Seventeen Seconds.

Image courtesy of Pixabay.

Minus two degrees.
Gardens stiff with winter.
Lakes green and glassed.
Life wrapped, locked, gripped.

*There’s a certain slant of light …
that oppresses.

Where can I seek solace?

Cicada maracas.
An unravelled bolt of blue silk.

The thermostat clicks beneath my desk.

Press the arrow.
Limestone beats with heat.
Seventeen summer seconds more.

*From Emily Dickinson’s ‘There’s a certain slant of light’

This is based on a ‘flat pack poem’, which consists of:

  1. Four sentence fragments
  2. One sentence that is a quote from somewhere
  3. One question
  4. Two sentence fragments
  5. One complete sentence
  6. Three sentence fragments

Coconut ice

Image courtesy of Pixabay

The sky is coconut ice.
A robin bursts with song,
Sharp and vortexed.
How does he not freeze?
Not tumble through the stiff bareness of the elder,
Fragile feathers catching at twiggy spurs –
A small ball of puffed air and folly,
While I mince on the shined sandstone
Sprinkling a safe salty path.

Keep the Noise Down

Work complete as day turns night,
Deities play with giant dice,
Rumble rock cubes in the sky,
Clash their jugs of mythic wine,
Sparking jolts of metalled white,
Whilst mothers bolt the windows tight,
Worried bairns would wake affright
As the thunderous clouds ignite.

Linking this to d’Verse Poets where Lisa was serving at the bar last night, inviting us to write a Quadrille using the word ‘work’ . (We had a hum-dinger of a thunder storm last night. Awesome lightning illuminated the garden as the thunder clashed above the house. )

Lady Libretto

Surreal Photo, manipulations by Justin Peters

She sings her tale as lyrically as any opera.
From the mountains, where breath is ice and air is thin,
she skips an elaborate path,
a trilling coloratura over rocks as worn as time.
Distracted on her way by willowed inlets
and the bel canto of romantic wallows
where love is lost and found
and lost again.
Until the grand finale –
that final leap into clouded oblivion –
as her aria lifts higher than a falcon
before she succumbs,
her fate written,
falling to a clash of cymbals
and the crash of rapturous applause.

Linking this to The Sunday Muse Blog spot ( where Carrie supplied this fabulous image and Sammi’s Weekend Word Prompts ( where we are invited to write 95 words exactly and include the word ‘opera’.

(NB: A Falcon soprano has a deeper register than a Coloratura soprano).

Thermal Imaging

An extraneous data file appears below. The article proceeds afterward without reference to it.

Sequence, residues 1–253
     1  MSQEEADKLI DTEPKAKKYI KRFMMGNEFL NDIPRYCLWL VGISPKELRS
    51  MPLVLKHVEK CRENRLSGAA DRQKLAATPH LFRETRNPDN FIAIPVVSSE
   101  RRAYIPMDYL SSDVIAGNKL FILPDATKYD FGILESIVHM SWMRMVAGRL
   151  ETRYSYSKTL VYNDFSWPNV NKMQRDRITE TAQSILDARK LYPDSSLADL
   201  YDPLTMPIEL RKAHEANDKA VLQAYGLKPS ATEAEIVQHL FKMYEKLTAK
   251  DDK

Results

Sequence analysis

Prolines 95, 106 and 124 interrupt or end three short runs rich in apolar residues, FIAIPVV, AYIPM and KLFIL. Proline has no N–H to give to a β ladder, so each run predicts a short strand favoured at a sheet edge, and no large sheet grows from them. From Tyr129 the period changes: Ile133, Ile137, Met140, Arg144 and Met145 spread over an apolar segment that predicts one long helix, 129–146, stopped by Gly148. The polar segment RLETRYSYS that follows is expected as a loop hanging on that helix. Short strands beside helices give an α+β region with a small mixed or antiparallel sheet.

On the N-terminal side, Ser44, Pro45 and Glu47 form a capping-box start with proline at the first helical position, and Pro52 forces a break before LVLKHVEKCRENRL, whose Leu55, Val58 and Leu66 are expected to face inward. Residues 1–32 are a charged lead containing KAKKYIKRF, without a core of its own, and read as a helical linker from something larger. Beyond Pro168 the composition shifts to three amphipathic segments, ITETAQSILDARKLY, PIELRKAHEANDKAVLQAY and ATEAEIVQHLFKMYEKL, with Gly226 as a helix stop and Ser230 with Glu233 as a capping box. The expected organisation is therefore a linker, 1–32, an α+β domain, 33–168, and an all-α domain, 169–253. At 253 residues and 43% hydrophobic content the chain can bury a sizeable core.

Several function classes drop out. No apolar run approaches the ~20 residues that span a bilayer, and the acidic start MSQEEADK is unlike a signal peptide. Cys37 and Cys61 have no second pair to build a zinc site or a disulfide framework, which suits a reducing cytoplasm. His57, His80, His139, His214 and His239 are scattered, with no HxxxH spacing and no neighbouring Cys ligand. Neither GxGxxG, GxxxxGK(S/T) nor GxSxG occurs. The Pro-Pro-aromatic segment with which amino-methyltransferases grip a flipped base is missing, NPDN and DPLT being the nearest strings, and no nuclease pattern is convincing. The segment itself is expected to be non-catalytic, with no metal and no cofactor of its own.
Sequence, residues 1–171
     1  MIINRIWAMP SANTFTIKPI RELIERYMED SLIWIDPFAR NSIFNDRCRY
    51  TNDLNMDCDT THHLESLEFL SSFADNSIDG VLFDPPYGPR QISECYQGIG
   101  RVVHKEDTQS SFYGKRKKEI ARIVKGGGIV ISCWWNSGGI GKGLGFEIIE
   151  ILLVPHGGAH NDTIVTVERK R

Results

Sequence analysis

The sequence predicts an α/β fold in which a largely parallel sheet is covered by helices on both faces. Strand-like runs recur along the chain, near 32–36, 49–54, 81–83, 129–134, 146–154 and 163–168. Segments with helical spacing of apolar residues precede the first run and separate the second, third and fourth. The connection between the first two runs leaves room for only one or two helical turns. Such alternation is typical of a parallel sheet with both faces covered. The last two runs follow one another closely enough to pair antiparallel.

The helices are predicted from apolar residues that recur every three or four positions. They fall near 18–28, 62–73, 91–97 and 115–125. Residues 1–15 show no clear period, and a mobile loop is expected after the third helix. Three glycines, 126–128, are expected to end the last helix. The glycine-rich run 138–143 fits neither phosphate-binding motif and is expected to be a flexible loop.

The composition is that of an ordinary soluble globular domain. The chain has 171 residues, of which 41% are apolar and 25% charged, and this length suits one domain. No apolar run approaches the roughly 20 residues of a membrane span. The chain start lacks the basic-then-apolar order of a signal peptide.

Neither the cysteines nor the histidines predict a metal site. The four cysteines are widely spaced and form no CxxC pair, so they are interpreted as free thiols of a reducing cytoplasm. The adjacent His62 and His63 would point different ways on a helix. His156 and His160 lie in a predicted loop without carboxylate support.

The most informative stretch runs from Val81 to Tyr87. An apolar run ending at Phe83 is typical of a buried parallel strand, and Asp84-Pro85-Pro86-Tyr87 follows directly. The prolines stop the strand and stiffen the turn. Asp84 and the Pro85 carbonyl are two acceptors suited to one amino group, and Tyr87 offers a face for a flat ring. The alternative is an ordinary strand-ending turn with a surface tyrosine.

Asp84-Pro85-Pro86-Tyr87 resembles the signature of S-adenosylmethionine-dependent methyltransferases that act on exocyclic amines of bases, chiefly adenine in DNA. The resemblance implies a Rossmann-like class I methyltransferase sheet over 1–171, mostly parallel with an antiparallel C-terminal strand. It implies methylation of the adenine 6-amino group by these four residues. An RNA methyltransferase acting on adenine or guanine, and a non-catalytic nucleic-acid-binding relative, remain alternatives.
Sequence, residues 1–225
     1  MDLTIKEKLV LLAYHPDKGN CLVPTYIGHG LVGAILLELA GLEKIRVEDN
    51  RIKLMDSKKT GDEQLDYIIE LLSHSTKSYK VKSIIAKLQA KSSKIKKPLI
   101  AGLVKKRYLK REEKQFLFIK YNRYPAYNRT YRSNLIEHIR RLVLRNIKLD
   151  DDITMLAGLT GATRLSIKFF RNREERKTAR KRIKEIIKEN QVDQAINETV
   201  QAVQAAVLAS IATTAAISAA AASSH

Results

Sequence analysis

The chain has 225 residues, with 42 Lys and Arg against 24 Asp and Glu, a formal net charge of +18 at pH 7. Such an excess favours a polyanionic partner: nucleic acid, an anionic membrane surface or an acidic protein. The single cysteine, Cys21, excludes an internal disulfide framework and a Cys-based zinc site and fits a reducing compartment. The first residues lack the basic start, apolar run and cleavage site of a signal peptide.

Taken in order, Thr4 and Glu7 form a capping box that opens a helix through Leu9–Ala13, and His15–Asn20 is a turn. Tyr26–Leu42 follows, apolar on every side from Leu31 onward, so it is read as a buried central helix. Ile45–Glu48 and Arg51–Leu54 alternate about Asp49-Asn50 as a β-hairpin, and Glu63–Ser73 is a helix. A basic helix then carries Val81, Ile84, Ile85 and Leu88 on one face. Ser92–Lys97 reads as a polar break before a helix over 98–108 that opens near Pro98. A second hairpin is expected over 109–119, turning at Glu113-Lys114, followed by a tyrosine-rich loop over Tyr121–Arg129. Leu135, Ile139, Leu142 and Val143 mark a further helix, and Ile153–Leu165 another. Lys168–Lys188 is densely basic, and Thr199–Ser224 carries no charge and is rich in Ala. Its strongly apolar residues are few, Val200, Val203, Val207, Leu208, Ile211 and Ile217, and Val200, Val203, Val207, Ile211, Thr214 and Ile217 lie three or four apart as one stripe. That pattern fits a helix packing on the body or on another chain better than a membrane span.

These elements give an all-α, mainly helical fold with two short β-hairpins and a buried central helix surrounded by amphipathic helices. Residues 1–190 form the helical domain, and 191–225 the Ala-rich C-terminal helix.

Above, an infinity of blue –
deep and still and featureless.
a distant tchacking heralds a tide of jackdaws,
spiralling in a whirlpool of flight,
a helix of black morse code,
dots and dashes revealing
the invisible,
like dust brushed onto fingerprints,
nature’s imagers.

Linking this to The Sunday Muse Blogspot, where Carrie is focussing on all things feathered this week. After seeing the prompt, I sat outside in the shade with my coffee and saw a swathe of hundreds of jackdaws overhead. They caught a thermal and twirled higher and higher. It was wonderful to watch.

Phrenology for Lawns

Image courtesy of

It has a neglected air, like an untidy haircut.
The occasional wispy strand sticking up,
amongst the straw-like crop.
Death seems imminent.
The merest touch brings crumbs and dust.
And yet,
pale bumps appear – pilar cysts,
erupting through the hard, baked skin –
subterranean colonies building future empires.
Journeys, too, buzz overhead,
sucking, nudging, searching,
Silent wings, as light as thought,
flutter colour into the air
as if to say, look,
hearts are still beating.

Another drought-inspired penning …

Two Degrees

An aquatic Goldilocks,
Heat-sensitive to a fault,
Coral lay on a bed
not too hot,
not too cold.
She hoped her fuschia tresses
would remain –
she’d die before
being bleached.

K. Hartless at Yardsale of Thoughts offers up this image for today’s Petite Pen invitation ( using 30 words or less).

An increase in temperature of about 2 °F (or 1 °C) above average can cause coral bleaching.


The sky has a cold.
It should be in its bed,
Not dripping and sneezing
all over my head.

I’m drenched with its wet
From my top to my toes,
Oh why, tell me why
Can’t the sky blow its nose?

Well, I blame its parents,
The sun and the moon,
Who hide in the clouds,
Clearly child-care immune

They’ll wait for the snuffling
To finally cease
Then emerge, all shining,
To bask in the peace.

When I looked out of my kitchen window this morning, low heavy rain clouds hung over the hills, obscuring the green ridge that normally greets me...

Shore Gazing.

Photo by Chris Ghinda, Unsplash.

The haze holds close the shushing creep onto the shore.
Billowed colours dip and soar.
Baffled crows on sentry duty, caw.
Placid, ruminating blocks of shadow gather on green tufted waves,
as we gaze on chalk-white cheeks,
scored as if by some giant’s claws.

Linking this to d’Verse Poets quadrille which this week has been set by WhimsyGizmo aka De Jackson ( with the invitation to write a poem of exactly 44 words which include the word ‘chalk’. My offering is a re-working of a previous poem I have written about the seaside town of Seaford.